Hello, June :)

This is such a late hello! Has it been 6 months since my last post?! 

So much has happened in the last 179 days that I have no idea where to start. The boy and I became official owners to our place (after granting 2.5 months extension to the sellers), kick-started and wrapped up our home renovation and threw the biggest wedding party (just 5 days ago!) to celebrate the start of our journey as Mr and Mrs 

It has been a beautiful 2018 thus far and I can't wait for the rest of the year to unfold. 

Will be back to write about the home renovation and wedding journey! 

Meanwhile, please put up with the little hiatus while we get down to furnishing the place! 

Goodbye 2017 and Hello 2018!

*Wipes away cobweb* Wow it's been so so long since my last update here!

Since I lack creativity and originality, I've decided to stick with this title moving forward, similar to 2017's and 2016's.

So 2017...

was quite a year! It has been an immensely fulfilling year for me for both work and personal side of things. 2017 was much more fulfilling than 2016 in many ways but I found myself more whiny and less happy. I'm not too sure why! I guess it's one of those things where you get everything you want in life and you start to forget how to give thanks 

If 2016 was unfulfilling, 2017 would be the complete opposite! Work and learning opportunities was stagnating for me in the previous workplace - my bosses highlighted that I had reached a bottle neck and that they could no longer value add for my growth. It was quite a frustrating stage for me as I've had build quite a large network and credential in the firm and would have been extremely beneficial if I could progress further with that foundation. Office hours became quite a torture as work no longer becomes challenging and I was rather disheartened with the lack of opportunities despite very good appraisals. 

Yet, even at such moments, life surprises you in ways that one can never expect. While chatting with an ex colleague who had moved on to a new company, he shared that my expertise could be put to better use in his firm. A few conversations later, I resigned and joined him in his new office. With a much smaller team and a much more aggressive growth target than my previous company, I found myself thrown into various projects and having to spearhead different initiatives. It was and still is a refreshing change since I made the move 6 months ago. 

I remembered someone told me before that one should "be careful of what you wish for" and this is probably one of those times! In the last 6 months, I barely had time to read any books or even blog on this platform. I'm also less active on social media as I found I had better use of my time to study new things at work. 

It was and still is a good change and work challenge that I sorely needed. Extremely thankful for that! 

Have also been accepted into a professional association that I've been building my experience for the last 4 years for and nominated into Board of Directors in late 2017. In the professional aspect, it has been a tremendous year.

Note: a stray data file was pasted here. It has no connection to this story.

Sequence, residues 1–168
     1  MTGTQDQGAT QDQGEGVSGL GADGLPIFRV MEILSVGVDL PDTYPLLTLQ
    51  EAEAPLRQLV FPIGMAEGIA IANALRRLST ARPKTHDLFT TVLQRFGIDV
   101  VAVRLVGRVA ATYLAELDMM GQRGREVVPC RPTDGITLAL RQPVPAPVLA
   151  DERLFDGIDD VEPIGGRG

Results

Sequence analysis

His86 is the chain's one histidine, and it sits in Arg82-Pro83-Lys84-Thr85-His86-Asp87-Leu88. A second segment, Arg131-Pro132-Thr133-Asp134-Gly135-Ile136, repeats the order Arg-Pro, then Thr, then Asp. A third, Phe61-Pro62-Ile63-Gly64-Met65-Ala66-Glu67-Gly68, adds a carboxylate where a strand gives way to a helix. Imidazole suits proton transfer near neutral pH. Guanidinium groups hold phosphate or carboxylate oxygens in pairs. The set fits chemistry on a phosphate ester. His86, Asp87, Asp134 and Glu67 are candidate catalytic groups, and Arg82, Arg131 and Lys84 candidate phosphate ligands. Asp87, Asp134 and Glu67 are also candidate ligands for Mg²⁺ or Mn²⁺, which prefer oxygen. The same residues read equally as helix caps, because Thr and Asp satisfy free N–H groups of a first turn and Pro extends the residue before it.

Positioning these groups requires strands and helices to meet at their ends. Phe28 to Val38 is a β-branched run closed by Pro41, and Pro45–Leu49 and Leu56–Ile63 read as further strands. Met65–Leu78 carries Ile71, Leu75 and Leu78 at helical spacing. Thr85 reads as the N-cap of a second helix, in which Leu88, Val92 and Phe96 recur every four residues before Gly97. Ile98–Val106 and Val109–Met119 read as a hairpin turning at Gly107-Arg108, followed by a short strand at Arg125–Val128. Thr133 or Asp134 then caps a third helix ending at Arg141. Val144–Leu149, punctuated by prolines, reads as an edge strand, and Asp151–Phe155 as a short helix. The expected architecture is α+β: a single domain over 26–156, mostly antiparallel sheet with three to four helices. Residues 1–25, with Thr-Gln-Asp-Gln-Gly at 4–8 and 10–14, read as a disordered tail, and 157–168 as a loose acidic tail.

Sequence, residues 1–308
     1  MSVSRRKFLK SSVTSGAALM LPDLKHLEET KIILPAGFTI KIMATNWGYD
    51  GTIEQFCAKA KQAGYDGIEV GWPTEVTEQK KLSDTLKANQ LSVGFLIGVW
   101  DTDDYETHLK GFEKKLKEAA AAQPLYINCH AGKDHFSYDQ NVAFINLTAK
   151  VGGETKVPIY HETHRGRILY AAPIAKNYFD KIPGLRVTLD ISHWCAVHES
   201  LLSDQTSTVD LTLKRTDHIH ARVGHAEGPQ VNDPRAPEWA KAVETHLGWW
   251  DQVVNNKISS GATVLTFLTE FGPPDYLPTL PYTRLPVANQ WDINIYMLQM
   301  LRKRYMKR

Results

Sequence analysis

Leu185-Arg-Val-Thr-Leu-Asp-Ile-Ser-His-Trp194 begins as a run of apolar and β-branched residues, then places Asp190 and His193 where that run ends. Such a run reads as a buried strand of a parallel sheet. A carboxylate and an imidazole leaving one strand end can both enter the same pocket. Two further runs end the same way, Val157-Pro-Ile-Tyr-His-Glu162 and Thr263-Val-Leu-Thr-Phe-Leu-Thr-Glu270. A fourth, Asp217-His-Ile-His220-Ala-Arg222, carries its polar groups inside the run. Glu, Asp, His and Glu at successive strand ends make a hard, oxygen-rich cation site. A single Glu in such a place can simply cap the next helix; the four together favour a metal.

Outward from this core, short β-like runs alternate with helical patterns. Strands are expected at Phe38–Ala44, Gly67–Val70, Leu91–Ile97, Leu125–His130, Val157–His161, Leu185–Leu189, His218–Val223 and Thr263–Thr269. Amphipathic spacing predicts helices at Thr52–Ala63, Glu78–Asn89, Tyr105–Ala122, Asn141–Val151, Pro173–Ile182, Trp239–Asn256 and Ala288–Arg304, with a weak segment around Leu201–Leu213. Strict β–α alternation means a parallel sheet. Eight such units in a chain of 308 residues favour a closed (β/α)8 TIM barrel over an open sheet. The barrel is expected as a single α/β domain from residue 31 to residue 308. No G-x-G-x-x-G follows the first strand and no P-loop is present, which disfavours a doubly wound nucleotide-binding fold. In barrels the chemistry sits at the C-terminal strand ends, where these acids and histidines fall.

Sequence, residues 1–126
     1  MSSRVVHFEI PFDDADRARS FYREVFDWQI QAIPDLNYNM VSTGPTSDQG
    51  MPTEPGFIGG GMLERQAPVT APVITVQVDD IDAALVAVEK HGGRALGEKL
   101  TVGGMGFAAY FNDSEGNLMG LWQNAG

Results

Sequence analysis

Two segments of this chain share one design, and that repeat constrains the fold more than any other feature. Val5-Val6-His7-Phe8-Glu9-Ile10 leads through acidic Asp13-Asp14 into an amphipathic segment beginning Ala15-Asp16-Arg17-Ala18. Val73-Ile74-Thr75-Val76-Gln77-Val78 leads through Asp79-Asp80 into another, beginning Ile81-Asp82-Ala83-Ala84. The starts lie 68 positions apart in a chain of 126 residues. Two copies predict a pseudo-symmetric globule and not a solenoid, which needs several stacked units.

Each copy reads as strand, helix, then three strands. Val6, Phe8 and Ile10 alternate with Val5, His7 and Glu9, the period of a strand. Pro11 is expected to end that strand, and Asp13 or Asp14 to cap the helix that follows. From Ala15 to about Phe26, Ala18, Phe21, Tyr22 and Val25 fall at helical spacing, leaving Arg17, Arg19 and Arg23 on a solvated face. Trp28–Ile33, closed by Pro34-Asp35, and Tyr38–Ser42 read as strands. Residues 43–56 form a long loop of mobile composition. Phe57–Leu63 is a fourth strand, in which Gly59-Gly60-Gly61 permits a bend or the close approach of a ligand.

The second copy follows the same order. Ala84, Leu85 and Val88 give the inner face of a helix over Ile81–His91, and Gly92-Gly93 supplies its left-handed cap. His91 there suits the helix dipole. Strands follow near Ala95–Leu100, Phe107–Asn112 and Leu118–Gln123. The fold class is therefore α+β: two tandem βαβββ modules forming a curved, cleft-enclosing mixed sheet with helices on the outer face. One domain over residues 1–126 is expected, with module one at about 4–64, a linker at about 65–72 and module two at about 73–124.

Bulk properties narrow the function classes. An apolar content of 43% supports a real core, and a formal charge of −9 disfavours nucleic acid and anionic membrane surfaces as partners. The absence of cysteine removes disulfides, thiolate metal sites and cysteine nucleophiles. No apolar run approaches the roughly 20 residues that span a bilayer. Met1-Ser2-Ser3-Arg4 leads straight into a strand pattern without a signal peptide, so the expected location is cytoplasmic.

I fared way better in the first half of the year - when I had a much less challenging work environment and had a co-worker who's a vegetarian. I also found more time to visit a Chinese sinseh in the first 9 months of the year until work got too overwhelming and I had to cut down on my trips to visit the sinseh. As cliched as it sounds, I do feel the difference that 9 months of TCM brings - I was more energetic and my limbs didn't feel as cold as they used to.

2017 is a year of big changes for me and I must say at certain points of the year I did not handle them very well. With the house, upcoming wedding and career switch, I feel stretched and overwhelmed for most parts of the year. While I had aimed to practise more mindfulness and keep my inner negativity in check, I would say I failed this year.

In terms of trips to the gym, it's still a lot lesser than I had target it to be. I am also in 2 minds if I should continue the gym membership that I've been utilizing since 2010 as the dwindling trips is making it quite unattractive financially.

I read even lesser books in 2017, clocking only 15! This is just embarrassing as it seems to be on a downward trend  This also means I missed my target of 30 for the 3rd consecutive year! 

2017 is a mixed bag year for my close friends as it was filled with both great and sad news. I attended 1 wedding per month in the last quarter of the year and saw the birth of 3 babies - Audrey, Charles and Issac. Christmas gatherings have become quite a crowd these days! 2017 also saw the departure of my friend's mother and another's grandmother. It is true that the sign of the 30s is when you start witnessing yourself or your similar-aged friends experience some form of loss.

On the family front, my uncle has unfortunately been diagnosed terminal brain cancer that spread to his bones and lungs. This came as such a big surprise for us as he was so hardy and takes very good care for his health. An ex-colleague of mine was diagnosed with NMO, a rare auto-immune disease which attacks the nervous system. All these remind me that life is so fragile and so short. Really does make a lot of things in life look so insignificant.